The Phillips Curve Now and Then
This paper describes the development of the "triangle" model of inflation, which holds that the rate of inflation depends on inertia, demand. and supply. This model differs from most other versions of the Phillips curve by relating inflation directly to the level and rate of change of detrended real output, and by excluding wages, the unemployment rate, and any mention of "expectations." The model identifies the ultimate source of inflation as nominal GNP growth in excess of potential real output growth and implies that a policy rule that targets excess nominal GNP growth is an essential precondition to avoiding an acceleration of inflation, Any residual instability of inflation then depends on the severity of supply shocks. The textbook and econometric versions of the triangle model were developed simultaneously in the mid-1970s. Since then there have been two empirical validations for the U. S. of the model as estimated a decade ago. First, the "sacrifice" ratio of cumulative output loss relative to the decline in inflation during the business slump of the early 1980s was predicted accurately in advance. Second, the natural unemployment rate implied by the model's estimates predicted in advance the slow acceleration of inflation that occurred in began in 1987, when the unemployment rate fell below 6 percent.
|Date of creation:||Jun 1990|
|Date of revision:|
|Publication status:||published as "Comments: The Phillips Curve Now and Then." From Growth/Productivity/Unemployment, edited by Peter Diamond, pp. 207-217. Cambridge, MA: MIT Press , 1990.|
|Contact details of provider:|| Postal: National Bureau of Economic Research, 1050 Massachusetts Avenue Cambridge, MA 02138, U.S.A.|
Web page: http://www.nber.org
More information through EDIRC
Please report citation or reference errors to , or , if you are the registered author of the cited work, log in to your RePEc Author Service profile, click on "citations" and make appropriate adjustments.:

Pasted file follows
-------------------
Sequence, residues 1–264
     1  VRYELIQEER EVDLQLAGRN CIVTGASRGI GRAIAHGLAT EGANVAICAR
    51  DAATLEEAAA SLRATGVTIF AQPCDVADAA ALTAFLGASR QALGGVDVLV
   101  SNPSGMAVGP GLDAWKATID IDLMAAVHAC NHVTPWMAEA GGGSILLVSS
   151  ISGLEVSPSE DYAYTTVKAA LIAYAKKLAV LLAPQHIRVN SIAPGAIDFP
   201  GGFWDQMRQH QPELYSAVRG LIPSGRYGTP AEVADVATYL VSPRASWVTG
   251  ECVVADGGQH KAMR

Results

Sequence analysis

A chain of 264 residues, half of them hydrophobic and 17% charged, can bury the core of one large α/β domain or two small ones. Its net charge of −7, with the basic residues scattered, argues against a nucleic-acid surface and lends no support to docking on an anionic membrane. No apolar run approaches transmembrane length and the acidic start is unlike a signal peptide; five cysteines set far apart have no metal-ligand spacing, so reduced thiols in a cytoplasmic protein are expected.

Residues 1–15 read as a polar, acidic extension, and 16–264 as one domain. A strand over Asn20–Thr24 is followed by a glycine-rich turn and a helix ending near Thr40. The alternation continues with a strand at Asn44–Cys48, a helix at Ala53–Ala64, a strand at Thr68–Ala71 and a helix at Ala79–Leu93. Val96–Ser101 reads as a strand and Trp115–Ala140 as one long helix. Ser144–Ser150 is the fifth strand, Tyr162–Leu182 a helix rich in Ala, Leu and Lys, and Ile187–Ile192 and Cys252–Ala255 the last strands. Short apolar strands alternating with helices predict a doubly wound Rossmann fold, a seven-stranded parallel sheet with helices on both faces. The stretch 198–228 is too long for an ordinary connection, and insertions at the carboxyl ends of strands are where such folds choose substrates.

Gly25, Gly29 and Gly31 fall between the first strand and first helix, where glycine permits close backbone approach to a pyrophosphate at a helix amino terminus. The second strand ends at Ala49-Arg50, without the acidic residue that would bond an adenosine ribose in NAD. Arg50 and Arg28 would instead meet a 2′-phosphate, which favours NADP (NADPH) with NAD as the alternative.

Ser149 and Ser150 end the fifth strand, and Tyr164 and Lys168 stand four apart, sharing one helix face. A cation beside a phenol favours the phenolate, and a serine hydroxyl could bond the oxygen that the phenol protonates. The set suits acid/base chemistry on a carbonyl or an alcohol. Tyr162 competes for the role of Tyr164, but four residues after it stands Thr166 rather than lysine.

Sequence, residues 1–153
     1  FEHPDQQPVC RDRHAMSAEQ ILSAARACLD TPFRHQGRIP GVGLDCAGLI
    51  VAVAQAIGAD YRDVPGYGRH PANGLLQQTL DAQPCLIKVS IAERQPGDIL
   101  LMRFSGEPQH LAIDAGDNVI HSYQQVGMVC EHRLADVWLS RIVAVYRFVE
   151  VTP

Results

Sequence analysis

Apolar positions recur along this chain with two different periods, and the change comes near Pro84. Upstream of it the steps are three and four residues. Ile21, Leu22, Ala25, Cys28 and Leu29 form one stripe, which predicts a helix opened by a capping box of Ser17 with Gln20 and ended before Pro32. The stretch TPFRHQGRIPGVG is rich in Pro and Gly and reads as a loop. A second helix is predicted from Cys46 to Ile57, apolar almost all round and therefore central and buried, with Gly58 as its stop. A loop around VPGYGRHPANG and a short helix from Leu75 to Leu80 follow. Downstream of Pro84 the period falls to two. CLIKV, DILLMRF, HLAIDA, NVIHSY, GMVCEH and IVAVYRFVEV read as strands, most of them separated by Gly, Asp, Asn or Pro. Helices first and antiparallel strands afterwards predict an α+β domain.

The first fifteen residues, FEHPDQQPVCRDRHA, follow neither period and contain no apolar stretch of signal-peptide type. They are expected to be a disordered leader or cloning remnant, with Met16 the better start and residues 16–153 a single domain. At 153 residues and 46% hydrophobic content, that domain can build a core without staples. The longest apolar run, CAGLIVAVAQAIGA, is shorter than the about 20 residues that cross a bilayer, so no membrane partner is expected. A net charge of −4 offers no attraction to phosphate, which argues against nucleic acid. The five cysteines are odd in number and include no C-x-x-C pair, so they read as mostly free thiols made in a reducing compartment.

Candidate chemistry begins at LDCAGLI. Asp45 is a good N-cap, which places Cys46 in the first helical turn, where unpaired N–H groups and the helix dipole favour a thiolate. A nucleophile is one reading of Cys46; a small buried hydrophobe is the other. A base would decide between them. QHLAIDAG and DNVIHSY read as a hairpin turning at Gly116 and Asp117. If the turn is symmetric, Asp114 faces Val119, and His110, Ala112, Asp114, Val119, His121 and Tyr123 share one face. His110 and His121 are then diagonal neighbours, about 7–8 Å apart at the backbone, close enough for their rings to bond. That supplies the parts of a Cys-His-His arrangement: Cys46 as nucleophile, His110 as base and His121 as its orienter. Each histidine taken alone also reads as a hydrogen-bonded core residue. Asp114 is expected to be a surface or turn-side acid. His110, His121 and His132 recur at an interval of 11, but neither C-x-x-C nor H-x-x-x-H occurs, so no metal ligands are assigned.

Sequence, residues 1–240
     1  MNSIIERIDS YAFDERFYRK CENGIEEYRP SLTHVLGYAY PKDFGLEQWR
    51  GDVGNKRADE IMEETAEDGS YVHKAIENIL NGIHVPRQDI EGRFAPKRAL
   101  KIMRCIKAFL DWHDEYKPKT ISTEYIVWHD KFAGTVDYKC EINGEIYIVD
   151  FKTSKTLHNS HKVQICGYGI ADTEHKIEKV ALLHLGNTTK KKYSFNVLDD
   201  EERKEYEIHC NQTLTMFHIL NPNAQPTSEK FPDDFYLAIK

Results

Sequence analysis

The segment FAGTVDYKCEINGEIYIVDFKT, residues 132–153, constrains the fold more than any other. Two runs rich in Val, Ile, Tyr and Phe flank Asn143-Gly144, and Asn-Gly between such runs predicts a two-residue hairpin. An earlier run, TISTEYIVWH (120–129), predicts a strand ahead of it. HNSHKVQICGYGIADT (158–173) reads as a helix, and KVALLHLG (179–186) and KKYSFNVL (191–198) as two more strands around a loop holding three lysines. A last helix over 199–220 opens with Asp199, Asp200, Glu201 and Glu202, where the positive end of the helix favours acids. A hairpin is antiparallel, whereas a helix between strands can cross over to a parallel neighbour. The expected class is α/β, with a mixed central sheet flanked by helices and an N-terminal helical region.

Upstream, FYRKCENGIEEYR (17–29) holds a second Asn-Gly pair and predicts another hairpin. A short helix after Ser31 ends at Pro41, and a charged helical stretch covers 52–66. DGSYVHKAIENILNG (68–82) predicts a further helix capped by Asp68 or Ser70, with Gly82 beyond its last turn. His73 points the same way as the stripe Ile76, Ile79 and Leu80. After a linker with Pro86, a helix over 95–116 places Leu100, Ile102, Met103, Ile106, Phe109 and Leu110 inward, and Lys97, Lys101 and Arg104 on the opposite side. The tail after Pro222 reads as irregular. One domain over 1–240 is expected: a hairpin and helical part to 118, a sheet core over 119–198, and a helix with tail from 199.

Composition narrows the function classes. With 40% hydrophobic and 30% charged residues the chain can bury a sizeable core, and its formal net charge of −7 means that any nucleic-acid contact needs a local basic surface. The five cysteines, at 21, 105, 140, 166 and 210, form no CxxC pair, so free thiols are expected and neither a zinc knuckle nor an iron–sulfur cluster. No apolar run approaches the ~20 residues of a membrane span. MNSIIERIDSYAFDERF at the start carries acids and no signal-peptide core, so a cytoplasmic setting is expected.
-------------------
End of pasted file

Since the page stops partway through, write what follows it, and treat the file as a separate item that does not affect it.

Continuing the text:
- Olivier J. Blanchard, 1987.
"Why Does Money Affect Output? A Survey,"
453, Massachusetts Institute of Technology (MIT), Department of Economics.
- Robert J. Barro, 1989.
"New Classicals and Keynesians, or the Good Guys and the Bad Guys,"
Swiss Journal of Economics and Statistics (SJES),
Swiss Society of Economics and Statistics (SSES), vol. 125(III), pages 263-273, September.
- Robert J. Barro, 1989. "New Classicals and Keynesians, or the Good Guys and the Bad Guys," NBER Working Papers 2982, National Bureau of Economic Research, Inc.
- Barro, R.J., 1989. "New Classicals And Keynesians, Or The Good Guys And The Bad Guys," RCER Working Papers 187, University of Rochester - Center for Economic Research (RCER).
- Matthew D. Shapiro, 1989. "Assessing the Federal Reserve's Measures of Capacity and Utilization," Brookings Papers on Economic Activity, Economic Studies Program, The Brookings Institution, vol. 20(1), pages 181-242.
- Robert E. Lucas, Jr. & Thomas J. Sargent, 1979. "After Keynesian macroeconomics," Quarterly Review, Federal Reserve Bank of Minneapolis, issue Spr.
- Gordon, Robert J, 1977.
"The Theory of Domestic Inflation,"
American Economic Review,
American Economic Association, vol. 67(1), pages 128-34, February.
- George L. Perry, 1970. "Changing Labor Markets and Inflation," Brookings Papers on Economic Activity, Economic Studies Program, The Brookings Institution, vol. 1(3), pages 411-448.
- Robert J. Gordon & Stephen R. King, 1982. "The Output Cost of Disinflation in Traditional and Vector Autoregressive Models," Brookings Papers on Economic Activity, Economic Studies Program, The Brookings Institution, vol. 13(1), pages 205-244.
When requesting a correction, please mention this item's handle: RePEc:nbr:nberwo:3393. See general information about how to correct material in RePEc.
For technical questions regarding this item, or to correct its authors, title, abstract, bibliographic or download information, contact: ()
If references are entirely missing, you can add them using this form.